Steamy novel gets Book Club bud­dies fired up in new romp

Windsor Star - - MOVIES - TINA HAS­SAN­NIA

The in­fa­mously un-sexy book se­ries Fifty Shades of Grey is a con­ve­nient pop-cul­ture ref­er­ence point so Book Club’s four women char­ac­ters — adorable, re­cently wid­owed Diane (Diane Keaton), sex-ob­sessed en­tre­pre­neur Vi­vian (Jane Fonda), di­vorced, mar­ried-to-her-job Sharon (Candice Ber­gen) and sex­u­ally frus­trated house­wife Carol (Mary Steen­bur­gen) — can bond and talk about their sex lives.

Sharon’s 18-year ab­sti­nence is an easy punch­line for her friends

(one de­scribes Sharon’s vag­ina as “The Cave of For­got­ten Dreams,” one of the bet­ter jokes in the film).

Ber­gen brings an earnest, comedic charisma to an oth­er­wise un­der­writ­ten role as she fum­bles around on­line dat­ing ser­vice Bum­ble — this in­cludes a hi­lar­i­ous scene in which she ac­ci­den­tally posts a pro­file pic of her mor­ti­fied, skin-mask-clad face. The most ob­vi­ous Sex and the City stand-in char­ac­ter is Vi­vian, clearly based on Kim Cat­trall’s Sa­man­tha.

Fonda’s leop­ard-print-wear­ing icy temptress is re­fresh­ing to see on­screen — if only be­cause the num­ber of pos­i­tive de­pic­tions of post-menopausal fe­male sex­u­al­ity can be counted on one hand. How­ever, the ba­sis of her char­ac­ter is as stereo­typed as Sa­man­tha’s: a woman turns down love (she said no to a wed­ding pro­posal 40 years ago, only to re­cently start ca­su­ally dat­ing the same guy, Arthur, played by Don John­son) to fo­cus on ca­reer am­bi­tions.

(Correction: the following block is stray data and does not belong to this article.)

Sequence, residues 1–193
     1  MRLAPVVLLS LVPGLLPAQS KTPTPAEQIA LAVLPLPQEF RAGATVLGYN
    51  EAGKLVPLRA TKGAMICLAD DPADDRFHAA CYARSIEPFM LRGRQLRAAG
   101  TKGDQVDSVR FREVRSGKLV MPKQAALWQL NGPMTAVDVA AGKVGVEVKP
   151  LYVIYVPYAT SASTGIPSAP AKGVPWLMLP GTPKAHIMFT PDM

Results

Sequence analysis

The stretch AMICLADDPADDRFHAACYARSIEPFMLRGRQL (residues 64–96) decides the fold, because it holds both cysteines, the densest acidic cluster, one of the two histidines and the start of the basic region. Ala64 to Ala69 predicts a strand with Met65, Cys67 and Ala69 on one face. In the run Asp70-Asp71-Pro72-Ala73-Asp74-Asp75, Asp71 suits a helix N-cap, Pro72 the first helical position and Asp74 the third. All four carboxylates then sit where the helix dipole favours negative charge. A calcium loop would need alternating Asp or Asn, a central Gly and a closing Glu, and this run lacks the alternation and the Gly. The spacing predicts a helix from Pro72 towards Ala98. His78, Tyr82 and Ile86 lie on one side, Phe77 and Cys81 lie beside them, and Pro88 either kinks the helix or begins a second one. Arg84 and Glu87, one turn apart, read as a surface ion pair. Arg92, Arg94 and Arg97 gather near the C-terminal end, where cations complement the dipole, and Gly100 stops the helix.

Diane is pos­si­bly the most fleshed-out char­ac­ter of the club. She meets a hand­some, self-as­sured and wealthy pi­lot, Mitchell (Andy Gar­cia), who is very good to her. Keaton’s ner­vous en­ergy is well-buoyed by Gar­cia’s serene charm and their scenes are the most won­der­ful to dream-watch. But a lame sub­plot in­volv­ing her over­pro­tec­tive daugh­ters de­volves into some­thing silly. Steen­bur­gen’s Carol gets the least char­ac­ter­i­za­tion. Her dwin­dling dy­namic with re­tired hus­band Bruce (Craig T. Nelson) is struc­tured around a real re­la­tion­ship is­sue (his dwin­dling sex drive), that is, like ev­ery other con­flict in the film, quickly and neatly re­solved.

Book Club would have been bet­ter as a minis­eries, where emo­tional in­tel­li­gence and more witty ban­ter could en­gage in the kind of nar­ra­tive fore­play that makes for a gen­uinely sat­is­fy­ing, in­ter­est­ing and nu­anced dram­edy. There is an appetite for sto­ries like Book Club and there’s no rea­son why we can’t have more come­dies star­ring hot, con­fi­dent, older women ex­plor­ing the “next chap­ter” of their lives.


Candice Ber­gen, left, Mary Steen­bur­gen and Jane Fonda star in Book Club, which ex­plores the lives of women of a cer­tain age.

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